When the preliminary draft of the Convention on the Rights of the Child was completed at the end of the first two-week session of the working group in 1988, the substantive portion had been expanded from the twenty articles of the original Polish model convention to a treaty containing forty-one substantive, rights-protecting articles. The implementation portion of the treaty had also been expanded from the Polish model. The implementation mechanism of the convention’s preliminary draft made provisions for the establishment of a ten-member Committee on the Rights of the Child. Under the provisions, countries that ratified the convention, known as States Parties, would be bound legally to uphold the standards of the convention and would be required to submit regular reports to the committee covering their progress in implementing the rights protected by the convention. In evaluating States Parties’ reports, the committee could use information from many outside sources, including NGOs.

Members of the working group reconvened toward the end of 1988 for a second two-week session devoted to what is known as a “second reading.” During this process, the preliminary draft text was subjected to a legal and linguistic review and reevaluation. To aid in their deliberations, the drafters had a number of working documents. Among these were a “technical review” provided by the U.N. Center for Human Rights and Independent Commentary: United Nations Convention on the Rights of the Child (1988), a collection of essays by legal scholars pointing out weaknesses in the convention. This collection was published by an NGO independent of the United Nations.

Most of the preliminary draft text, including the implementation mechanism, was adopted with only minor revisions. For example, based on the recommendations of the technical review, the wording of the convention was revised carefully in order to make the text gender-neutral. There were, however, a number of articles that provoked heated debate during the reviewing process. Chairman Łopatka assigned these articles to special small drafting parties whose task it was to work out the disagreements. Because all articles of the convention were adopted on the basis of consensus, which connotes an absence of disapproval rather than active support, if even one government strongly opposed an article, it could not be adopted by the working group.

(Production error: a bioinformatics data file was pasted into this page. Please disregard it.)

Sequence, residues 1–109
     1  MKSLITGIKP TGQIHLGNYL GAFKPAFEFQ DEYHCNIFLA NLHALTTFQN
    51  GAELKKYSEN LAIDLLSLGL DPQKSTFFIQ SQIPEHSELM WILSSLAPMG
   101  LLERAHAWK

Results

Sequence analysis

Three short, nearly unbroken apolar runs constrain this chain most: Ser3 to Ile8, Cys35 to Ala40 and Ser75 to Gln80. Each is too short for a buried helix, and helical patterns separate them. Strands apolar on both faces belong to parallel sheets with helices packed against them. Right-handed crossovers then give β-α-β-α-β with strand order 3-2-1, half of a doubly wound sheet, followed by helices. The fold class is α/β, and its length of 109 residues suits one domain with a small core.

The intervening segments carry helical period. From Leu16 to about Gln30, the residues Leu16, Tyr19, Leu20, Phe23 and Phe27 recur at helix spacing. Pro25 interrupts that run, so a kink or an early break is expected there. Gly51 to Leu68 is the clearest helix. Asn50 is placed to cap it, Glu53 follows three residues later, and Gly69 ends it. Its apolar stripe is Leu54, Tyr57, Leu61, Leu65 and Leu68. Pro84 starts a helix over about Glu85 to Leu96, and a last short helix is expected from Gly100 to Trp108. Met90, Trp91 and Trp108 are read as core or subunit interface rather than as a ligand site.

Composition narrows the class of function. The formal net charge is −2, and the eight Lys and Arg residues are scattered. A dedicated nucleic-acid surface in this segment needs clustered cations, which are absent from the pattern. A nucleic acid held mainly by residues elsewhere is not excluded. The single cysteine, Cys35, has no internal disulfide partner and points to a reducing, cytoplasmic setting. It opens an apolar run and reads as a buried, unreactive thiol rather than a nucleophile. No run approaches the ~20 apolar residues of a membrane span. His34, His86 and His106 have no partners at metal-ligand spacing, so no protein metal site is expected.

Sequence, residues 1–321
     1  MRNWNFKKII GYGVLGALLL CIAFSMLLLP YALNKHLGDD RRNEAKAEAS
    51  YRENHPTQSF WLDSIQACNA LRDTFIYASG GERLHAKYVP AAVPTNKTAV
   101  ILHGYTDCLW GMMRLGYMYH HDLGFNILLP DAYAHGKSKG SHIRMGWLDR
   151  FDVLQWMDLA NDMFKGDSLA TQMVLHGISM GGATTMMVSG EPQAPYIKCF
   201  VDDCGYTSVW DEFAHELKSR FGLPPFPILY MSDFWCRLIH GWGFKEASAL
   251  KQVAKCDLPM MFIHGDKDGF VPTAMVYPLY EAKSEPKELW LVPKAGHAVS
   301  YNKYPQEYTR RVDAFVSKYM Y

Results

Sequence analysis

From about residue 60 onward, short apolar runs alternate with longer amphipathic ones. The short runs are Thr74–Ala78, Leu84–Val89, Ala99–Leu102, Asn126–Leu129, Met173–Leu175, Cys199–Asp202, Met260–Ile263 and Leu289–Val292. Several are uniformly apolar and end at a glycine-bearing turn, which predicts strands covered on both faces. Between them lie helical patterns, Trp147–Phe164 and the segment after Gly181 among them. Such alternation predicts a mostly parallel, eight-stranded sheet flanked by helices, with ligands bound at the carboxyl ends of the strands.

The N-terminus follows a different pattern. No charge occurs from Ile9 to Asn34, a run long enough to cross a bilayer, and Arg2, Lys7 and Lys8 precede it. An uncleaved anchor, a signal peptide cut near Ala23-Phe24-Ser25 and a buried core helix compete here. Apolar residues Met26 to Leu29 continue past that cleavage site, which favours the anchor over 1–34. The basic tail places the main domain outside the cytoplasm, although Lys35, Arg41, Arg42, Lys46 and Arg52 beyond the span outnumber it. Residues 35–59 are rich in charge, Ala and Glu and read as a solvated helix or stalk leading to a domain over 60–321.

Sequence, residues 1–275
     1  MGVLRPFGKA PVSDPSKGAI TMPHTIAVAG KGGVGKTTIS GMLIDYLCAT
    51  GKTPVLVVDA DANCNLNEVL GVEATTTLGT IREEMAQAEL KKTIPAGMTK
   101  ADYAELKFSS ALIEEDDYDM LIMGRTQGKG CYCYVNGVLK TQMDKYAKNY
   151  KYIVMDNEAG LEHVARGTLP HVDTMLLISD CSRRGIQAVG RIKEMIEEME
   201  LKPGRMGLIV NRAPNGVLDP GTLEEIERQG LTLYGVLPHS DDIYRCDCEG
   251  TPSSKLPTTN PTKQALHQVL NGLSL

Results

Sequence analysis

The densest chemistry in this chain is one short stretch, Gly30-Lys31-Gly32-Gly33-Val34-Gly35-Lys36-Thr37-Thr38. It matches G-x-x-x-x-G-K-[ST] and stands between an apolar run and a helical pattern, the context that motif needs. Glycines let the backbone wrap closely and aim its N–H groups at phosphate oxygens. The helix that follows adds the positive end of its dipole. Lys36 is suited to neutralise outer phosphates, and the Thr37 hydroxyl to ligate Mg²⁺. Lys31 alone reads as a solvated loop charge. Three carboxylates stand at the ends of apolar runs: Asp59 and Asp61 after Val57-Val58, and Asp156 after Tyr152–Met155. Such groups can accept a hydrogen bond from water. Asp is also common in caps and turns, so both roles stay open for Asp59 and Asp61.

Typical of articles that were contentious were Article 14, on freedom of religion; Article 20, on foster care; and Article 21, on adoption. All three of these articles were opposed by Muslim delegations on the grounds that they conflicted with Islamic law. The article on freedom of religion was especially difficult to draft, because under Islamic law there can be no religious freedom before adulthood. Conversely, in the Buddhist tradition, a child as young as three or four years of age may choose to become a monk. Under threat of deletion of the article from the convention, the working group grudgingly agreed on the article’s final text, which removed the right of a child to choose his or her religion.

Deliberations over the articles on foster care and adoption were brought to a satisfactory conclusion by a small drafting party headed by Ahmed Fathalla of the Egyptian delegation. The disagreements were settled by the inclusion in Article 20 of a reference to the “kafalah of Islamic law” as a substitute for adoption, which is prohibited in Islamic countries. In simple terms, kafalah is a process whereby a family assumes legal responsibility for a child but the child is barred from taking that family’s name and may not inherit from the family.

Undoubtedly the most heated debates during the second reading were those over paragraph 2 of Article 38, which sets the minimum age for participation in armed combat. A majority of government delegations supported the Swedish proposal to establish the age at eighteen, instead of the age of fifteen contained in the 1949 Geneva Conventions Geneva Conventions and 1977 protocols. This was vigorously opposed by the U.S. delegation on the grounds that the working group was an inappropriate forum in which to alter existing international humanitarian law. The small drafting party, headed by Anders Rönquist of the Swedish delegation, struggled valiantly to arrive at a compromise text that the United States would support. Ultimately, the U.S. delegation held its ground and forced the age to be lowered to the Geneva Conventions standard of fifteen.